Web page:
The importance of rituals in co-creating Meaning and Purpose

by Didier Marlier on Friday November 1st, 2013

Engaging people at the Intellectual level requires that we co-create (create with them instead of broadcast) clarity, meaning and ownership about what we wish to engage them in. Several tools and practices exist and most of them have to do with creating a space where people can engage into a honest dialogue about the new direction they are requested to follow.

Recently, I was in Camaçari (Brazil), watching the construction site of a huge chemical plant. I was reported of a ritual which is apparently common in the chemical industry and I was rather fascinated.

Each morning, the employees gather in their teams for a 15 minutes After/Before Action Review. They start by reviewing the previous day happenings for 5 minutes, especially in light of the HSE (Health, Environment & Safety) themes. The next 10 minutes see an open dialogue take place on what could/should be changed and improved. The leaders are trained not to dominate the debate but truly facilitate it, show curiosity and interest and ensure it remains on track.

The session closes with a prayer where all participants, believers or not, will focus and mentally engage in ensuring an accident free day to themselves and to their companions.

I thought “What an interesting ritual and what a nice manner to reconnect people’s energy and refocus their attention on what they do and why they do it”. My mind started to create images of a similar type of Before Action Review with all teams in an organization. The key purpose of the organization could be reminded and a rapid review and analysis of how well we did compared to those could be organized, prior to a sort of “collective prayer”, a haka or this “holy moment” I still vividly remember prior to each ice hockey game (I was a goal tender) where, all gathered around the “goalie” we would listen to a few inspiring and focusing words of our captain and shout three times in order to get intellectual and emotional alignment prior to the “battle”.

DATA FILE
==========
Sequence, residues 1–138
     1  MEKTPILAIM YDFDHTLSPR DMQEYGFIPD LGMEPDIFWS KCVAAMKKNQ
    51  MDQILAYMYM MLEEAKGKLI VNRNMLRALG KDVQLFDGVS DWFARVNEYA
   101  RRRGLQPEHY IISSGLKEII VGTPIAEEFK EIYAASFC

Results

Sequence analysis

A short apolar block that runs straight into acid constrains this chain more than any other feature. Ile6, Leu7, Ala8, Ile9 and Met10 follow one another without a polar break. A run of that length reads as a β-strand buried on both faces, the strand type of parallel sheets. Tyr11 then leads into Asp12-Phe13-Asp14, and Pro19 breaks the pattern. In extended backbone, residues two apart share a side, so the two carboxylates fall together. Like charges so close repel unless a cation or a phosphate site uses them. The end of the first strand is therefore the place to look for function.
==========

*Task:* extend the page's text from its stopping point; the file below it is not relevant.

What those leaders in chemical plants also demonstrate, in this way, is that there are simple manners to engage their people, whatever their level, into co-creating clarity, meaning and ownership about what they do!

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One Response to “The importance of rituals in co-creating Meaning and Purpose”

  1. Dear Friend Didier,
    Very nice an truly observation. As you know I worked for almost a year for a big Brazilian engineering and construction company. Visiting the construction sites in the north of the country I observed this ritual at the beginning of the shifts. It creates a team spirit where they commit one each other to protect their lives working safely. It is really amazing the energy and engagement this moment creates within the team. It is exactly as you described fully of emotion, faith and purpose. With this ceremonial they feel engaged and understand the importance of the work for themselves, their families, the company they work for and for the society. It creates a meaning for their job.


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